Croatia for the first time takes part in the scoreboard and is a very interesting example. This is the EU's newest member which joined in July 2013 after it went through a little bit tighter bolter in the negotiations process and this definitely delivered, especially in terms of the judiciary. One of the big pluses which the justice minister outlined is the availability of statistical data which are absent on many of the indicators for some member states. The reason is that with Croatia the process of negotiations had a much stronger focus on the judiciary (after the failure with Bulgaria and Romania) and that is why a lot of relevant statistical data had been gathered. What actually makes Croatia an interesting example, however, is that on the one hand the country's origin is a state subject which was part of the communist camp before 1989, but the big difference with the other countries from that camp is that former Yugoslavia's economy, its citizens and its politics had access to the economic system of the then West.
This duality is especially evident in the European Commission's scoreboard. On the one hand it is visible in the money spent for justice in Croatia which is around the EU average. This includes the salaries in the judiciary system which, too, are near the EU average. The results, though, are not even close to the average on many of the indicators. This is precisely what Justice Minister Miljenic said. The money is here, the people are here, the means are here, the laws are harmonised, but the results are not good, although there is a trend of improvement. The gross annual salary of a first instance professional judge in Croatia is 29 184 euros which is 2.3 times higher than the average gross annual salary in the country. The EU average is 45 578 euros. Regretfully, in Bulgaria, that salary is 14 345, but it is 3.2 times higher than the average gross national salary in Bulgaria.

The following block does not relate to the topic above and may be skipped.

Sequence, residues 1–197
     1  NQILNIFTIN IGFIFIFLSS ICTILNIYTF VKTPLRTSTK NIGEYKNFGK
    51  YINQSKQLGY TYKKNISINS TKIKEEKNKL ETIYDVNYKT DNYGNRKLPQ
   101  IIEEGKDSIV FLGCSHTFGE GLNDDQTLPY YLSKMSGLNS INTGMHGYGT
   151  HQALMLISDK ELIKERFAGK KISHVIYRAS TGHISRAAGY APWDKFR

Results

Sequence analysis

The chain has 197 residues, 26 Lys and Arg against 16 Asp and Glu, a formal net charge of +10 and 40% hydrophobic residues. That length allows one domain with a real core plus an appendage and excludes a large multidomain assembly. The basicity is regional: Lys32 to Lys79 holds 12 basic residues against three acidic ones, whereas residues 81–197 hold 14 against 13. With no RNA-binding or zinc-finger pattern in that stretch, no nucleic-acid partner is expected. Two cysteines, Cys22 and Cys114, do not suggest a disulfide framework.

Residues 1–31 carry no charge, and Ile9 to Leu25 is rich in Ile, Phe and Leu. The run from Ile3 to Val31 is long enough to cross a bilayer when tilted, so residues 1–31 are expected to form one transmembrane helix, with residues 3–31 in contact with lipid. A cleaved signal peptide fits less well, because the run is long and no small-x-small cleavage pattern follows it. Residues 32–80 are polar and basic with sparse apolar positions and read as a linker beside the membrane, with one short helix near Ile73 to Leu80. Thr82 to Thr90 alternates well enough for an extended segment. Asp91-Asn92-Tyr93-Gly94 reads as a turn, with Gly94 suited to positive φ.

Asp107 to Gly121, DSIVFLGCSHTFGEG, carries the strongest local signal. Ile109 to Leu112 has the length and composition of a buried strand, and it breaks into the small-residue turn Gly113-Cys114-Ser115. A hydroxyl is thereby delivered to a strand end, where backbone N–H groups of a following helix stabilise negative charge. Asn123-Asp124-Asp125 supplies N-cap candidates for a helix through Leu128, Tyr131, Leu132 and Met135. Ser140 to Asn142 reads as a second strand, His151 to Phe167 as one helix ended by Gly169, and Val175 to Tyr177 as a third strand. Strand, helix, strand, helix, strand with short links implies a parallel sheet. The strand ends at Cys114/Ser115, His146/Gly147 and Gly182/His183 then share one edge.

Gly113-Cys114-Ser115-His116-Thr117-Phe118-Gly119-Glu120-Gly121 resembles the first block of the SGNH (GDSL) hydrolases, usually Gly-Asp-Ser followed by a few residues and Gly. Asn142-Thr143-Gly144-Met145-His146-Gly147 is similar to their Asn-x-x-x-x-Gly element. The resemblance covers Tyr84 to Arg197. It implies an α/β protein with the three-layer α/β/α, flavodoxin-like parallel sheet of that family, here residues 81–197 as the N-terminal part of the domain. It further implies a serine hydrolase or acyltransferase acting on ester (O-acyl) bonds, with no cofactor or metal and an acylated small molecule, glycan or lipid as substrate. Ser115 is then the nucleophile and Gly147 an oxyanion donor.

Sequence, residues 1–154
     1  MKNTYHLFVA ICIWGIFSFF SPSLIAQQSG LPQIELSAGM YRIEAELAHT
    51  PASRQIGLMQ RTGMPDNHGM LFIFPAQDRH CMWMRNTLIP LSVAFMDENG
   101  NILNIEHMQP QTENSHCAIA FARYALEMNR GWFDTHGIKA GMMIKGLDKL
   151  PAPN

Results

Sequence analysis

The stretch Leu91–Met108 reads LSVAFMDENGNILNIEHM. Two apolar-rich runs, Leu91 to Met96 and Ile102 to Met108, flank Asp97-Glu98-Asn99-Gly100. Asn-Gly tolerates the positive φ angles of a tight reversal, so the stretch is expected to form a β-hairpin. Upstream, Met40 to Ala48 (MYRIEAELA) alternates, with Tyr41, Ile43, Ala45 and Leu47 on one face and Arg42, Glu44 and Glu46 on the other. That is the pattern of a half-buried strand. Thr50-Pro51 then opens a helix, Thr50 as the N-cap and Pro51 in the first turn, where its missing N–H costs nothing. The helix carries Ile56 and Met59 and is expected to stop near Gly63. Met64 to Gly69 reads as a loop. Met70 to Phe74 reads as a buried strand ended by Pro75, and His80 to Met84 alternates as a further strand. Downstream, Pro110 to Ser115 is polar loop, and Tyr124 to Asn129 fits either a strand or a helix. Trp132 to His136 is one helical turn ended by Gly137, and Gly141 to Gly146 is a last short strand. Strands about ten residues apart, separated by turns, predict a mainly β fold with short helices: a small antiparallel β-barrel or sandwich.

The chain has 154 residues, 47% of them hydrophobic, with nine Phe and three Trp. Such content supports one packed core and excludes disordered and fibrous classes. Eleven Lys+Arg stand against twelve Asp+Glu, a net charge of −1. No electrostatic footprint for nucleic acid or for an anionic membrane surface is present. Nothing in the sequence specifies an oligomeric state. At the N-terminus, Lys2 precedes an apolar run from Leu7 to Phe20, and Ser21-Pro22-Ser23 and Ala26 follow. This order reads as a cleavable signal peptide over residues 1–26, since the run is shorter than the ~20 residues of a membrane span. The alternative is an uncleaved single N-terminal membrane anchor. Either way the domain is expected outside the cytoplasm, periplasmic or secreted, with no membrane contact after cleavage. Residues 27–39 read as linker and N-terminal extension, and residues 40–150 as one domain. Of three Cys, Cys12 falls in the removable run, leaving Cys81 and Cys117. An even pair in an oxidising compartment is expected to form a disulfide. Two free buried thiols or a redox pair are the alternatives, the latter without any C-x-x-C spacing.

In the same time, in Croatia there are 45 judges for every one hundred thousand people which is more than twice higher than the EU average (21 judges). In Bulgaria, there are 31 judges per 100 000 people. As Branko Hrvatin, the president of the Croatian Supreme Court, Croatia is second after Slovenia in the EU in terms of a number of judges per capita. A main reason for this, to some extent controversial situation, is precisely the transition from one system to another. The justice minister pointed out that whatever depended on the executive has been delivered - laws, including amendments, money, equipment. What is left is for the judges themselves to reform the system from the inside and to take their own responsibility for the money they get.
Branko Hrvatin accepted the criticism, adding though that judges are still in a process of learning. Something which was evident in the comments by Bulgarian judge Neli Koutskova, although said it in the context of the new mechanism for protection of the rule of law, presented also this month by the European Commission. Mr Hrvatin said that the only way to restore trust in the judiciary was to accelerate work of the courts. In his words, however, there was an odd contradiction. I am not sure if this was sincerity or simply a feeling that he was in a close circle, but the Supreme Court chief made, in my opinion, a shocking admission. When he was given the floor in the beginning of the discussion, he said that he wanted to be as brief as possible to allow questions and a discussion with the audience.
And he recalled that he did just the opposite during meetings with experts as part of the negotiations under Chapter 23 (justice). I knew, he said, that the experts had only an hour time, they gave me the floor and I talked for 45 minutes. They had only 15 minutes left for questions and comments. It is interesting to know how many things from the kitchen of the negotiations could give a much brighter image of the reasons for the results in the European Commission scoreboard. But still, unlike Bulgaria for instance, in Croatia the situation is improving which was confirmed by Austria's ambassador to Zagreb H.E. Andrea Ikic-Boehm. As a matter of fact, a part of the introductory words of this article are hers. As a representative of a country which has invested in Croatia more than seven billion euros since 1993, to her a major focus is the investment environment.